As a reporter, I was always looking for what I called “the headshot”. In Red Dead Redemption, the headshot was the Strange Man character, who antagonised John Marston over his past mistakes and doomed future. In a story I wrote for Edge about 343 Industries, and how this new company was taking over Halo from the old, it was the “Halo Museum”, an expansive room that 343 maintained on its site and used to showcase materials and artefacts from the series’ history—like action figures, Game of the Year awards, and behind-the-scenes photographs. The ethos of the headshot was simple: when dealing with potentially abstract subjects (a 100-plus-hour, open-world revisionist Western; the employees of a videogame development studio, who under multidirectional pressure are attempting to maintain the standards of a product worth billions of dollars, the custody of which they’ve just inherited), look for a single, unifying image, an incident, anecdote, scene, or sound which on its own syncretically, self-explanatorily, binds and expounds on the story—something describable and inviolate, an unmoving part that encapsulates whatever’s being discussed. Anne Barnard found it in a barbecue; Evan Osnos in a Chinese action film. When I was being paid to find meaning in often vague artwork, or for making communicable sense out of fleeting, dislocated moments, scoring the headshot was what I prayed for. The headshot didn’t just make the job of reporter (or critic) easier; it made it possible.
I’m not making a joke about its idiocy, nor its directionlessness, nor lack of self-regard when I say: Far Cry 5 doesn’t even have a head. The idea of discussing this game using any conventional kind of critical apparatus that I may have developed over the years is absurd. And if other critics are frustrated the game doesn’t have anything to say, or balks at making any sort of committed statement, I understand that. But I think they’re expecting this game to meet them on discussional terms that its creators simply don’t accept, or appreciate as necessary.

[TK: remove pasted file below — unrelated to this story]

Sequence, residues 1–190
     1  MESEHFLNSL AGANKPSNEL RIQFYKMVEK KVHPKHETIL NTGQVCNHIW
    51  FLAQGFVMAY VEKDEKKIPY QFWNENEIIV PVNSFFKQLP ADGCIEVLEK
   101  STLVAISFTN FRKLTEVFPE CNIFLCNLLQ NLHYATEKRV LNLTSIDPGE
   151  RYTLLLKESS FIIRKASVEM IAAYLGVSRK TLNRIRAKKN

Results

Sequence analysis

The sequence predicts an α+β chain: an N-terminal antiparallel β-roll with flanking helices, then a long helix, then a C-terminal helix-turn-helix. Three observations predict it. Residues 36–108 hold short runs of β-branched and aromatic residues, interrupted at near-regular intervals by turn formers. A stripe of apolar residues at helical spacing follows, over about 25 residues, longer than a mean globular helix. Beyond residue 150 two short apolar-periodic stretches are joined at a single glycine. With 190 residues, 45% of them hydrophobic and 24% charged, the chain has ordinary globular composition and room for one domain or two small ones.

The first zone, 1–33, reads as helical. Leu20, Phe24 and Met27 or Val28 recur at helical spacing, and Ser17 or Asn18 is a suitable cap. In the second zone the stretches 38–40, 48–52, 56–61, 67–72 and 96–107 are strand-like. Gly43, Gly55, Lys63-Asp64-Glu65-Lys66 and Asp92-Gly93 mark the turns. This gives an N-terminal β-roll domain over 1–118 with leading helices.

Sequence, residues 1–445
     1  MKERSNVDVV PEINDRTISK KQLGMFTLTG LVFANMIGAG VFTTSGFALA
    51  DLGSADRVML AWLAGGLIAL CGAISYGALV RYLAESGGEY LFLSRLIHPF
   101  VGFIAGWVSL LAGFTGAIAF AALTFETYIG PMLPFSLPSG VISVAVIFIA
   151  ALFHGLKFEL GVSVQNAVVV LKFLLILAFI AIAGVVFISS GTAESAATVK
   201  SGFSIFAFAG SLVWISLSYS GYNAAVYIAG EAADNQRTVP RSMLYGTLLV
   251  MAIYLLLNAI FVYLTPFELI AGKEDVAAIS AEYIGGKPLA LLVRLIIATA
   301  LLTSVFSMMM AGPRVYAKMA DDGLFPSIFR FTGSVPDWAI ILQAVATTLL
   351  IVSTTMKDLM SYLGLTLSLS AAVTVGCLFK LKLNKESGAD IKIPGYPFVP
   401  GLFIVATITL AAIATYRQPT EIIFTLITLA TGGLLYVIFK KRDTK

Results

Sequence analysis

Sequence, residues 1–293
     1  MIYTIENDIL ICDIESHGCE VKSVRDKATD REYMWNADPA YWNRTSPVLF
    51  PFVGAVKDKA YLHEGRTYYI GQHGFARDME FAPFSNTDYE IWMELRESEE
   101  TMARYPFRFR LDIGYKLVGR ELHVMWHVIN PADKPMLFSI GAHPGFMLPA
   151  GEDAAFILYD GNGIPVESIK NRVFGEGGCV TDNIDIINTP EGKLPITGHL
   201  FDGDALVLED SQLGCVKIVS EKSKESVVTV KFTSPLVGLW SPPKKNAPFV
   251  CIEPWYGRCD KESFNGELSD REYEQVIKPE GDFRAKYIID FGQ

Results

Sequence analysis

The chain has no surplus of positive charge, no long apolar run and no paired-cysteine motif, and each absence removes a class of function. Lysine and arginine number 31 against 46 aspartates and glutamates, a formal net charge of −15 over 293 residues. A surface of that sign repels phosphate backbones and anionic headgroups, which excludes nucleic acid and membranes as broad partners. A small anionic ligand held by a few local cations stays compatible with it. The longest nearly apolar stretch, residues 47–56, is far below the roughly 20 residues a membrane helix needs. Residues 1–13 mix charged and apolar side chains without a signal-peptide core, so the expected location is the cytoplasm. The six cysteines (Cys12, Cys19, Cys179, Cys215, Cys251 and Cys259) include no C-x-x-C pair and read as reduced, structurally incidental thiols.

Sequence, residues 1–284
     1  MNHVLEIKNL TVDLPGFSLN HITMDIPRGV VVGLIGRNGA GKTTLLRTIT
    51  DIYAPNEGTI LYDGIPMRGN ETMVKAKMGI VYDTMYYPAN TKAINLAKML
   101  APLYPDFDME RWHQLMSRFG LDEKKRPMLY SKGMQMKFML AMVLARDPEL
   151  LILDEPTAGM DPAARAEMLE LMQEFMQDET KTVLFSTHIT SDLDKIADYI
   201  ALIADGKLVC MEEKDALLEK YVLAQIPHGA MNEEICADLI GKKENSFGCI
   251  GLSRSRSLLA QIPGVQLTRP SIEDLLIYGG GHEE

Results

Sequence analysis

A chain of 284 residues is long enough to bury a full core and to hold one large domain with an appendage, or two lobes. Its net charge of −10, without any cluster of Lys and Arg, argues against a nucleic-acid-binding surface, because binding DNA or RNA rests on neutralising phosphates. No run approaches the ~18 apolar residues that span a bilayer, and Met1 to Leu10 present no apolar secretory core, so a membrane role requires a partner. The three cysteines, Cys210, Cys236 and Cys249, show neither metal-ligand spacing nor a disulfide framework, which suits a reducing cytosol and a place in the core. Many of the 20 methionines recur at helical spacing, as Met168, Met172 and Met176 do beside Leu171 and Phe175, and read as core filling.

To what I attribute Far Cry 5’s particular, let’s call it “style” of meaninglessness varies depending on my personal cynicism and paranoia levels: either it’s the abominable apex of the genus of videogame that’s been festering for more than a decade at the bottom of the swamp, or it’s a concerted effort by its makers to undermine game critics’ confidence, to paralyse, render them mute and make them second-guess opinions they might have on future Ubisoft titles. Either way, Far Cry 5 recalls to me the title of Adam Curtis’s documentary on the war against information: HyperNormalisation. The experience of playing Far Cry 5 is so beguiling and overwhelming, its plot and aesthetic so blatantly, acknowledgingly contradictory, I’m forced to wonder if I’m missing something; if I’m playing it right; if it’s possible, or even fair, to have about this game a singular, cogent opinion. The job of the critic is to make evidenced assertions. It feels there is nothing about Far Cry 5 that is intractably true nor false. It is gelatinous, in the sense there’s so much of it, and spectral, because it never settles on, or even establishes, a corporeal rubric. It is the anti-headshot.